In Venezuela and Colombia it is called AREPA

In Venezuela and Colombia it is called AREPA

Photo by @jdvolcan on Twenty20

In both countries, it is an essential food of the daily diet. Both in Colombia and Venezuela, they call it “arepa” a round dough made with corn.

The arepa is a traditional food in both countries. However, there is a debate between Colombians and Venezuelans about the authorship of the arepa. Also, both countries claim to have the best recipes and preparations for this exquisite delicatessen.

Do they have similarities? Yes and many, but also their differences are notable when eating and in its preparation, here are some differences between them:

The Arepa is Venezuelan:
– The Venezuelan arepa is very versatile. It accepts an infinity of fillings and depending on the one chosen, the arepa has a name. If it is stuffed with shredded meat and yellow cheese, it is “pelúa”. If it is filled with black beans and white cheese, it is “domino”, names that are known throughout Venezuela and are growing throughout the world, this makes a notable difference.

– The Venezuelan arepa is the main dish. It can be eaten for breakfast, lunch or dinner, as it is very complete. It is fatter or thicker.

– Its preparation is based on pre-cooked corn flour, they use a commercial brand called PAN flour, which is internationally known.

– In Venezuela there are wheat arepas or Andean arepas. very specific to some regions.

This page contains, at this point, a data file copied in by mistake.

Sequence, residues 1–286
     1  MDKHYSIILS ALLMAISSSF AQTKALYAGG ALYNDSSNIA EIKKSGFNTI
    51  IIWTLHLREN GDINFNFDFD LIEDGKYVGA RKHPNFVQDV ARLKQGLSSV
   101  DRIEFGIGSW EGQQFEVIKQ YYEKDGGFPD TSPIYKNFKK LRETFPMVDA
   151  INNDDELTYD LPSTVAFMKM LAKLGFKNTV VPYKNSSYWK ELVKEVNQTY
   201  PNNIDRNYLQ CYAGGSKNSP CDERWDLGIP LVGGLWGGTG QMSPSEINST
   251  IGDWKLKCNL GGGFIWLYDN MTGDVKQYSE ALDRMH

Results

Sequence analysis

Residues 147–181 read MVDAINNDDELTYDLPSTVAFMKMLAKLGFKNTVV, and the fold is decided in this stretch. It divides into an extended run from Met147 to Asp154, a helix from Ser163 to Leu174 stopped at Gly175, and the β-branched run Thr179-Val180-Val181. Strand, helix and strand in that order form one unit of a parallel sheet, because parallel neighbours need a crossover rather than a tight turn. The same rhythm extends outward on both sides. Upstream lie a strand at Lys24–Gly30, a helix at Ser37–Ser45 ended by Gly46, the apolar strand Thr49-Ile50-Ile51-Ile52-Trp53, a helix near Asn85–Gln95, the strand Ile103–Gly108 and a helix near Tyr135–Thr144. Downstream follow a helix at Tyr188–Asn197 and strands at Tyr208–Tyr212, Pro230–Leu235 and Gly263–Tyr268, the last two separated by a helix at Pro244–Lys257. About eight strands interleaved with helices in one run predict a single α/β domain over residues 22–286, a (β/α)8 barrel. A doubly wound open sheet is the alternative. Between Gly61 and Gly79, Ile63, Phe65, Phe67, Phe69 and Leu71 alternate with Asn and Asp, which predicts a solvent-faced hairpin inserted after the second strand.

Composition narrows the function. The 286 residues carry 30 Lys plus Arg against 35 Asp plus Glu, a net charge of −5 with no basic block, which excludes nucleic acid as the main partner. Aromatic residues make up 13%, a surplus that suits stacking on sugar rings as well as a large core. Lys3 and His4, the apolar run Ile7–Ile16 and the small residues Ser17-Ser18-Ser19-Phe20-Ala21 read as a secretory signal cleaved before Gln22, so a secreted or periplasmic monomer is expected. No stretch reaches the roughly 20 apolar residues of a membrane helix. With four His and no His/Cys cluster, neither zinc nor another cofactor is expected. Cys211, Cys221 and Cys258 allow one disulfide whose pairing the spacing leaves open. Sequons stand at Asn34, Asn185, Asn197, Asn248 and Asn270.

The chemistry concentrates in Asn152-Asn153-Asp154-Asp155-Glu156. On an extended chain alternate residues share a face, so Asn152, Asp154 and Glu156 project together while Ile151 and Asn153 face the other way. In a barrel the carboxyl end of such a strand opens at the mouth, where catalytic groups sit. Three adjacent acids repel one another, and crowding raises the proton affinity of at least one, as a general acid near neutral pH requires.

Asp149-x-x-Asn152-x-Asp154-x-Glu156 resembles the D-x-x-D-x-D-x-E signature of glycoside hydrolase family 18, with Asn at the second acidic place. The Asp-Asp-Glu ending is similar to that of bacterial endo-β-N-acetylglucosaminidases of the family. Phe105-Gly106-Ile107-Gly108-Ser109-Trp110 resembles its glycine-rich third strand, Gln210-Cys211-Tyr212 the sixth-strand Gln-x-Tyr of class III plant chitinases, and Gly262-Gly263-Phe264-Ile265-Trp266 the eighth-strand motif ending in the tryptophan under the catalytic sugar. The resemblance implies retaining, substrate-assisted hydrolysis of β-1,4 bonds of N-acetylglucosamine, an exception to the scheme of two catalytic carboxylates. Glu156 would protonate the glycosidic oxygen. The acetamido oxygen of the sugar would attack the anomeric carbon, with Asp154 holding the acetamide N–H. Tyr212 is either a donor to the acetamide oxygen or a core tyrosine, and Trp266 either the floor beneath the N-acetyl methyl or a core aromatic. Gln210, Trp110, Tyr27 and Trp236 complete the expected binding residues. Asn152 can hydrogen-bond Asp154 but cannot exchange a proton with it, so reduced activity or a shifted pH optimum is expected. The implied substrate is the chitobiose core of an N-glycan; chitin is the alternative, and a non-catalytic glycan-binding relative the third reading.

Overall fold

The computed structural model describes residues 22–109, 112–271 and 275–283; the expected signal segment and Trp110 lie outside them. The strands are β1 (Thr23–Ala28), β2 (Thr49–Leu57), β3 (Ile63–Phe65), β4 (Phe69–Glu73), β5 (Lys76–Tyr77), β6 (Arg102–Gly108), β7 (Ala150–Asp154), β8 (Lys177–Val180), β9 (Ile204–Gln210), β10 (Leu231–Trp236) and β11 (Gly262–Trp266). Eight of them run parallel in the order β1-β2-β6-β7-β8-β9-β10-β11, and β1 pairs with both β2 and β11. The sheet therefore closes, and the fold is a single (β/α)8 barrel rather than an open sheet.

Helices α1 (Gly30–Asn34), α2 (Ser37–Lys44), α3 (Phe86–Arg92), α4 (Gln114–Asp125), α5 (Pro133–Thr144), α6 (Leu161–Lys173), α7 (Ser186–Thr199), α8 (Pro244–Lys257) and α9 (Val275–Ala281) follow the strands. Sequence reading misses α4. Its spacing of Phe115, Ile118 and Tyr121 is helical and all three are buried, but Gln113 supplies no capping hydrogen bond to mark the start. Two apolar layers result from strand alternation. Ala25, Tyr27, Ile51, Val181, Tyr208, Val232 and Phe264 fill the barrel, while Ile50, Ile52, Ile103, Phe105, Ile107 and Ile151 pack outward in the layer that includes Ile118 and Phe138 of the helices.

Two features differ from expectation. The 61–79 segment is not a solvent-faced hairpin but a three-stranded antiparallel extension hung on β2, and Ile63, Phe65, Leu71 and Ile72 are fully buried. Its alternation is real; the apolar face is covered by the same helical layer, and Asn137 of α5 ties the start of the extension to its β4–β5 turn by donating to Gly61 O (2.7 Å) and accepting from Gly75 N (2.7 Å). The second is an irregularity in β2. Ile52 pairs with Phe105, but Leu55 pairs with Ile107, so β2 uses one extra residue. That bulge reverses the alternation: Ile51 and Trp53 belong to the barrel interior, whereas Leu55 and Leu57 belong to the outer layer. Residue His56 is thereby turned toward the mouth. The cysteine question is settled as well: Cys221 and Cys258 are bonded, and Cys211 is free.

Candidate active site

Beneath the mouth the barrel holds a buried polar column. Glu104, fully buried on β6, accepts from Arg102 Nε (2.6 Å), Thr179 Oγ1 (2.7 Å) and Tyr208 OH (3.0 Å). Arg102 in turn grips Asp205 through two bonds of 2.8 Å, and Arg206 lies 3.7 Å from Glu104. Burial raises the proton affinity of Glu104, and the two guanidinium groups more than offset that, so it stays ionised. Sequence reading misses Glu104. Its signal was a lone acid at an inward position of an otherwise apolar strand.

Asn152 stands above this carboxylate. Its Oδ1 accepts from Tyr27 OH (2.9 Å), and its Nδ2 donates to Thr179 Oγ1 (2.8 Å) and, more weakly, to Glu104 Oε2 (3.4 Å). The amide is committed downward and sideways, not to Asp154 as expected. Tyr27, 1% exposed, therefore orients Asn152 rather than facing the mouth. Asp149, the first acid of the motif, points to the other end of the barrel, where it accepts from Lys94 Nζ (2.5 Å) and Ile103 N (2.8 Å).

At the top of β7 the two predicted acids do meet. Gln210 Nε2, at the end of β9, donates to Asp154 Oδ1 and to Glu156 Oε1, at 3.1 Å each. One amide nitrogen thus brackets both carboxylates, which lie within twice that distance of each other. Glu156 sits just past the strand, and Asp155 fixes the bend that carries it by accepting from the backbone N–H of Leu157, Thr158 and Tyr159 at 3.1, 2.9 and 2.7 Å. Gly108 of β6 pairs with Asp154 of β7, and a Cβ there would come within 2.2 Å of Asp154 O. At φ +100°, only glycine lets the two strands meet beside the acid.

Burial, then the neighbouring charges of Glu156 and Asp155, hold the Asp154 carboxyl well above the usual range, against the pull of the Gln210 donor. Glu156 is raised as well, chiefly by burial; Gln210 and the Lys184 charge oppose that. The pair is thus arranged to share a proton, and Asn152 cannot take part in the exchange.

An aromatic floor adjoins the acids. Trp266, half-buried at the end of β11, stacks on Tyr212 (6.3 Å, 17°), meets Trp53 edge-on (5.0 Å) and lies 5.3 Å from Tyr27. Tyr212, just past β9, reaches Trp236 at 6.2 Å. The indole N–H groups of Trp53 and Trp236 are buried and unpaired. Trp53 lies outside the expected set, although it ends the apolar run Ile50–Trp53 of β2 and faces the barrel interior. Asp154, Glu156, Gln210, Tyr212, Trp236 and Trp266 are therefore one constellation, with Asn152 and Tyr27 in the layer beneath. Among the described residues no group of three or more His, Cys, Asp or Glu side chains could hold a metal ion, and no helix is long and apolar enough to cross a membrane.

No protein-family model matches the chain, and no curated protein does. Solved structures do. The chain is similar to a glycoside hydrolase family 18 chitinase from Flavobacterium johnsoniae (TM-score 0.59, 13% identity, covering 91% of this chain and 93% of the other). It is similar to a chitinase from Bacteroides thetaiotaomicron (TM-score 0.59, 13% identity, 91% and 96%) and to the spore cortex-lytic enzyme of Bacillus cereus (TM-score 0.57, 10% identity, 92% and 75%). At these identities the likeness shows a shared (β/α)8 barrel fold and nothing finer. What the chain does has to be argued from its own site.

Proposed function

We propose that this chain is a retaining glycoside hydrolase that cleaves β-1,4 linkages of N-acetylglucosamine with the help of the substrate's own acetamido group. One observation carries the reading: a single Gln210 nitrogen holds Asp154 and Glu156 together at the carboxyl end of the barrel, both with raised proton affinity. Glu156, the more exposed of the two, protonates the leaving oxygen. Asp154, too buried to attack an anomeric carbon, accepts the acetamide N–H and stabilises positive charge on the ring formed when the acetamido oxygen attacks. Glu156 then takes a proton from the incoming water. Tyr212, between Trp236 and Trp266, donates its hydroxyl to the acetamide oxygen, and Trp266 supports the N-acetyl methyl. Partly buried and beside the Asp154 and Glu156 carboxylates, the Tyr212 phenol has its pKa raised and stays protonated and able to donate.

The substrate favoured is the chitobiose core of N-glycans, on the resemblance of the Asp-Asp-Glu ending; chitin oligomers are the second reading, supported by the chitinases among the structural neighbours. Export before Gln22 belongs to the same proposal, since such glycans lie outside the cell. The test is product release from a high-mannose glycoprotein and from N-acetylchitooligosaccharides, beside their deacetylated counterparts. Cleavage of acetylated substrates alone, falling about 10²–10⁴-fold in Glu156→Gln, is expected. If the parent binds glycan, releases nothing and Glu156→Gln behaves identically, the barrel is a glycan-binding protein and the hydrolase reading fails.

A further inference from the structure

The Arepa is Colombian:
– The Colombian arepa lacks a variety of fillings. The filling is very simple like cheese only. They are extremely thin and sometimes the filling or complement is placed on top. They usually eat it alone.

– The Colombian arepa is a kind of bread, they eat it at any time or as a companion to some meals. It is much thinner than the Venezuelan.

– The Colombian arepa is more inclined to that of parboiled corn because it is more natural. Its flavor is different and the preparation process is much more traditional.

– Regarding variety and style, in Colombia, the so-called “arepas de eggs” are prepared. A mixture that is made by adding chicken postures to fry them, in Venezuela this is not known at all.

And So Who Wins?
Just as they have different styles of preparation and the way of how to be tasted, they also have many similarities and it all depends on the region where you can eat a delicious arepa, the truth is that this product is widely consumed in both countries, and it is very likely that few Venezuelans or Colombians say no to “an arepita.”

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